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Royal River Park, Yarmouth

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Park · Nature / Park
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Royal River Park is an urban park in Yarmouth, Maine, United States. It is located to the northwest of the town center, between East Elm Street to the west and Bridge Street to the east. U.S. Route 1 runs through the park via an overpass.

The park is named for the Royal River, which passes through the park at its northern extremity, about 0.5 miles (0.80 km) west of Yarmouth's harbor, into which it empties after its 39 miles (63 km) journey from its source. The park runs along the southern banks of the river for about 0.57 miles (0.92 km). At its widest point, the park is about 700 feet (210 m) wide.

The park has entrances at East Elm Street, Mill Street, Yarmouth Crossing Drive, William H. Rowe Elementary School and Bridge Street.

The more easterly of the two pedestrian bridges in the Royal River Park is built on old abutments for a trolley line which ran between Yarmouth and Freeport between 1906 and 1933. The Beth Condon Memorial Pathway crosses the bridge.
Three of the town's four waterfalls are within the bounds of the park. The Third (or Baker) Falls were, by far, the most industrious of the four. The first buildings — Jeremiah Baker's grist mill, a carding mill and a nail mill — wears erected in 1805 on the eastern side of the river. On the western (or town) side of the river was a scythe and axe factory owned by Joseph C. Batchelder. Benjamin Gooch's fulling mill followed in 1830, but it later moved to the Fourth Falls.
The Yarmouth Paper Company, which produced paper pulp, was built in 1864. The main access road to it was an extended version of today's Mill Street, off Main Street. The original building burned in 1870. Two years later, a soda pulp mill — named C.D. Brown Paper Company — was built, to which Samuel Dennis Warren and George Warren Hammond bought the rights in 1874 and renamed it the Forest Paper Company. Beginning with a single wooden building, the facility expanded to ten buildings covering as many acres, including a span over the river to Factory Island. Two bridges to it were also constructed. In 1909, it was the largest such mill in the world, employing 275 people. The mill used 15,000 cords (54,000 m3) of poplar each year, which meant mounds of logs were constantly in view beside Mill Street. Six railroad spurs extended from the tracks running behind Main Street to the Forest Paper Company, traversing today's Royal River Park. Rail cars delivered logs, coal, soda and chlorine to the mill and carried pulp away. The mill closed in 1923, when import restrictions on pulp were lifted and Swedish pulp became a cheaper option. The mill burned in 1931, leaving charred remains on the site until the development of the Royal River Park in the early 1980s. In 1971, the Marine Corps Reserve tore down the old factory, before a Navy demolition team used fourteen cases of dynamite to raze the remains. Most of the remaining debris was crushed and used as fill for the park but several remnants of the building are still visible today.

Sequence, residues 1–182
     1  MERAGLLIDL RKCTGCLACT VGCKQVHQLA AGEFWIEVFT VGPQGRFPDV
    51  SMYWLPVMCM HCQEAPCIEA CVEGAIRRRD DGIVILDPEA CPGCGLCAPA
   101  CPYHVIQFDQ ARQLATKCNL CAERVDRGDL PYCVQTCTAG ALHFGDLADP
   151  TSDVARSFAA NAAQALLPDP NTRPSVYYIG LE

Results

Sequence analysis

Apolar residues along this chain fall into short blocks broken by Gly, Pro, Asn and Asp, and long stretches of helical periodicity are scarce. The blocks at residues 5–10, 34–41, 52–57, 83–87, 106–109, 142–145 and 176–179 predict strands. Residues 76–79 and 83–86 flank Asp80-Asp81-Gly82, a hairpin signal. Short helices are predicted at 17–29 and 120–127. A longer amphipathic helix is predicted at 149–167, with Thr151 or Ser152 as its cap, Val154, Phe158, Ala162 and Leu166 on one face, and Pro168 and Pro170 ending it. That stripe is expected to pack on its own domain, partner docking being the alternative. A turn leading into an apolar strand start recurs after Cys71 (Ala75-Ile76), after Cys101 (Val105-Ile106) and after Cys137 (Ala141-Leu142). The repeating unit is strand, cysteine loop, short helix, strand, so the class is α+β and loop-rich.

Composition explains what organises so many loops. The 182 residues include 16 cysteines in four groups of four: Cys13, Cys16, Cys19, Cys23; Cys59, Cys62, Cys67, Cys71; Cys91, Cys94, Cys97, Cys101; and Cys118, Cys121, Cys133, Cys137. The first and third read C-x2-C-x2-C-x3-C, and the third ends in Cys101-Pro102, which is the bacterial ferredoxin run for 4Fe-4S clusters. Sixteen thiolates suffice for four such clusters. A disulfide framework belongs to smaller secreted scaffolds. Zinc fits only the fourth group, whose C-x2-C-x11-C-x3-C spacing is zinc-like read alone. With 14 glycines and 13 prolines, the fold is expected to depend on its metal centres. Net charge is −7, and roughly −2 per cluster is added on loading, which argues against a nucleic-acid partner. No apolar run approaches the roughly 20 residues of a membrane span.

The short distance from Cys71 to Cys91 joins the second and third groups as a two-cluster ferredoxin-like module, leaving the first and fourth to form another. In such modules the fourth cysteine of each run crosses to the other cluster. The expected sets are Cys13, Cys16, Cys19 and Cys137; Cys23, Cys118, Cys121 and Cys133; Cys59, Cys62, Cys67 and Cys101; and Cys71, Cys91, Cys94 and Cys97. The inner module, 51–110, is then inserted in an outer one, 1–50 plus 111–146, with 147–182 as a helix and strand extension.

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Royal River Park reviews

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TripAdvisor traveler rating 4.5
25 reviews
Google
4.7
TripAdvisor
  • The river was flowing fast on the first really warm day of 2022. Everything was still brown, but it was a great day to take a walk and enjoy the weather. Some of the interesting sights were the... 
    The river was flowing fast on the first really warm day of 2022. Everything was still brown, but it was a great day to take a walk and enjoy the weather. Some of the interesting sights were the...  more »
  • This is a free park that's a nice stop for an hour or so. We walked the length of the park for a shaded, mostly flat stroll. We stopped to learn about what the land had been before. Although there... 
    This is a free park that's a nice stop for an hour or so. We walked the length of the park for a shaded, mostly flat stroll. We stopped to learn about what the land had been before. Although there...  more »
Google
  • Great park, but I wish the town of Yarmouth didn't get rid of the trash barrels. Now people just leave bags of dog waste and empty cans on the ground near where the signs are that say to carry out your waste. I was told by someone in the town office they got rid of the barrels because that's what they do in state parks and they didn't want people using the barrels for household trash.
  • A great walk and some interesting historical structures from the old burned down paper mill.

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